Choice Components

2. Language [DEMAND ITEM]

The service has changed the language and
a) no longer refers to assessment, treatment or triage appointments but either describes it to the family as Choice and Partnership or another local name and
b) when considering clinical skills refers to a clinical competency not a particular discipline

Is your rating? No (RED) = 0 Partial (AMBER) = 1 Yes (GREEN) = 2
The words we use lead us into certain ideas. ‘Assessment’ and ‘treatment’ are things we do to people and may distract us from working collaboratively. Using ‘Choice’ and ‘Partnership’ or other locally chosen words can help re-position us with clients as ‘facilitators with expertise’ rather than ‘experts with power’.

This item is a DEMAND item as using the old language of ‘assessment’ especially is likely to transfer more families from Choice to Partnership. It tends to make the Choice appointment a passive, problem - orientated experience for the family. If we stay with their choices and access their strengths then it can be easier to notice solutions outside CAMHS. This will ensure the percentage transfer rate to Partnership is appropriate.

Stop here and review the team position. You may want to discuss the ideas in the article ‘Choice vs. a traditional assessment’ in Chapter 5: Choice appointments.

3. Handle Demand [DEMAND ITEM]

This means making sure that the referrals are appropriate using eligibility criteria such as referrer seeing child and any appropriate community intervention has happened first, families can chose an initial Choice appointment when their referral is accepted i.e. full-booking and there is also a key focus on not allowing a waiting list to develop by flexing initial Choice capacity.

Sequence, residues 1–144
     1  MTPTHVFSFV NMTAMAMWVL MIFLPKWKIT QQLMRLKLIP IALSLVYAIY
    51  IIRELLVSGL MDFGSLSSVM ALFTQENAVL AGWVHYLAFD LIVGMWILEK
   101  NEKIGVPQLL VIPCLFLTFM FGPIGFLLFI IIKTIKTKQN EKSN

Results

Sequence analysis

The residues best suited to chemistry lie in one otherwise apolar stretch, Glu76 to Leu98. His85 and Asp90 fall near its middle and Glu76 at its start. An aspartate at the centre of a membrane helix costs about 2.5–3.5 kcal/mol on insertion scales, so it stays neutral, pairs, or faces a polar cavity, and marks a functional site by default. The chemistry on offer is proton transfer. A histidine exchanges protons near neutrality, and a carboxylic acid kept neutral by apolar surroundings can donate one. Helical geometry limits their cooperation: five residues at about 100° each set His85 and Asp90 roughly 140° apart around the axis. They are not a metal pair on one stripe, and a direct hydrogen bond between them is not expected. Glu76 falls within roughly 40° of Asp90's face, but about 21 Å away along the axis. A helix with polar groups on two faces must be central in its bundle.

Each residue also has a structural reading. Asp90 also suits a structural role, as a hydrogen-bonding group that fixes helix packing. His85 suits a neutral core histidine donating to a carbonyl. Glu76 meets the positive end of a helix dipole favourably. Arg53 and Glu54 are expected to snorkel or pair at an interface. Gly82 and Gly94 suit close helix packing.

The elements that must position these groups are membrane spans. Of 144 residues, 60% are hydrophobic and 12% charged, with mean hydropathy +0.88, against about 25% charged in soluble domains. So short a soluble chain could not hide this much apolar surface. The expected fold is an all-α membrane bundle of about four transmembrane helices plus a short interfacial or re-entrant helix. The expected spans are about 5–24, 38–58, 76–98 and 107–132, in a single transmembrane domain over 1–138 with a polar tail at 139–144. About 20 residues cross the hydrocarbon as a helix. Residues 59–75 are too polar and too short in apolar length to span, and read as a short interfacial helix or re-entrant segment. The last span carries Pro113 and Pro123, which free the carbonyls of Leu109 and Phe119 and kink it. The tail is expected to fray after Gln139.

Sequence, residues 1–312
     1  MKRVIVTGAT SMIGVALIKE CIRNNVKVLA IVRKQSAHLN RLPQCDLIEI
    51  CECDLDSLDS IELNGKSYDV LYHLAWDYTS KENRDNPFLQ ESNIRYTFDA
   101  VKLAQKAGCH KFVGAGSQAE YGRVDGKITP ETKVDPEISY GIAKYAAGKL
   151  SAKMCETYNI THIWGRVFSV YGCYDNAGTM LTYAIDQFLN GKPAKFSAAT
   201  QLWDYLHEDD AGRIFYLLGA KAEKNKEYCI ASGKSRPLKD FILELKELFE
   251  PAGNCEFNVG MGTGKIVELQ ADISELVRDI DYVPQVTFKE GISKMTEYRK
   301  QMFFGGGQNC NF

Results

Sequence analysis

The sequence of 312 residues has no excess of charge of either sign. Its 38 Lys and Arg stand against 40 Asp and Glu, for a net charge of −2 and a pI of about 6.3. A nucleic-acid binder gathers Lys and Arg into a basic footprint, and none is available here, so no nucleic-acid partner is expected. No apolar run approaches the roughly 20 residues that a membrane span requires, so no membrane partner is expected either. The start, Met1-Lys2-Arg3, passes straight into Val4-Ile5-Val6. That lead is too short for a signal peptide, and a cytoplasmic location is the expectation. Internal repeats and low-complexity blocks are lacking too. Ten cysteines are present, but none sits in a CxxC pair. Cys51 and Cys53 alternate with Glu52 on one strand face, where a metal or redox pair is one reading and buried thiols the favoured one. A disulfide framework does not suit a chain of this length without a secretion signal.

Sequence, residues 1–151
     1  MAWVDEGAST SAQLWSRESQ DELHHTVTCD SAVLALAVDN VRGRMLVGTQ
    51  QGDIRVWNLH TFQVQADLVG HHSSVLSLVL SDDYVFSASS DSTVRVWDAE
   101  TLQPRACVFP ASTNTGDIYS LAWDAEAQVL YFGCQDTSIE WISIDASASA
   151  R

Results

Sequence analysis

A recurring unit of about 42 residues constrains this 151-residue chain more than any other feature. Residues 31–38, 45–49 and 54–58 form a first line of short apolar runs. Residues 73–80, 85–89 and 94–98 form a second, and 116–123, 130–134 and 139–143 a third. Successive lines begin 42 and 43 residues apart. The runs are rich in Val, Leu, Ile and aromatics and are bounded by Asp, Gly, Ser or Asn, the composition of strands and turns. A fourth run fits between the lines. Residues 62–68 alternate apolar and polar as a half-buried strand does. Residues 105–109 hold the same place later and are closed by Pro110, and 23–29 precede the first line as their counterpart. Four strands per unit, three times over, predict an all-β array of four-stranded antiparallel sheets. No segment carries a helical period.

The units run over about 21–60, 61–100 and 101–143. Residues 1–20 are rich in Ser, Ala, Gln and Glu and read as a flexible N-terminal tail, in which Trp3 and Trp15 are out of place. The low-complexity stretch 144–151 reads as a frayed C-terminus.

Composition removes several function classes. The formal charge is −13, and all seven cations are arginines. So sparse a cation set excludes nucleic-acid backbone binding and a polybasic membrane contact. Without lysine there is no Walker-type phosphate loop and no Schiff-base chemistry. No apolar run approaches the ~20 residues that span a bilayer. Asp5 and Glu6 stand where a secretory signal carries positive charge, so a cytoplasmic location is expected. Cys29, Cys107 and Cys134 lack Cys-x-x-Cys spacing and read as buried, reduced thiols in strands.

Is your rating? No (RED) = 0 Partial (AMBER) = 1 Yes (GREEN) = 2

The first sub component (eligibility) has a strong impact on DEMAND - are you accepting referrals that are appropriate? There is a key difference between accepting any referral that CAMHS could help (in other words, virtually anyone with a child!) rather than those we should help.
Are other services appropriately involved? Is the problem better suited to them or us? Think about your screening process - is there a culture of what ‘should’ we do, rather than what we ‘could’? Is there wide variation between clinicians over what is accepted and not? If there is, how you can help reduce this variation? Team discussion? Does the manager need to be present? Take a vote? Have a small screening team? What are your ideas?

4. Choice framework [DEMAND ITEM]

Carrying out the tasks in the Choice appointment of curiosity, honest opinion leading to joint formulation, discussion of alternatives, reaching a Choice Point and engagement.

This will probably result in not all families and young people choosing to return for Partnership. Your transfer percentage from Choice to Partnership is a guide to this. Much more than 75% and you probably aren’t engaging their strengths enough or are inadvertently being too problem/pathology focused.

Is your rating? No (RED) = 0 Partial (AMBER) = 1 Yes (GREEN) = 2

This DEMAND item is closely linked to Key Component 2: Language. If Choice is not done well or robustly a number of families and young people will progress to Choice who really don’t need to (and probably didn’t really want to!). The percentage increase may be small say 80% vs. 70% but they can all add up.

Do you know if there is a wide variation in transfer percentage? What is the range of team views over when a family should be offered an intervention? Diverting families to other local resources needs a good knowledge of what is available – so how is your resource file? Is it available and up to date? Is this anyone’s job?

Do a team workshop on when to offer a CAMHS intervention in your next team away day.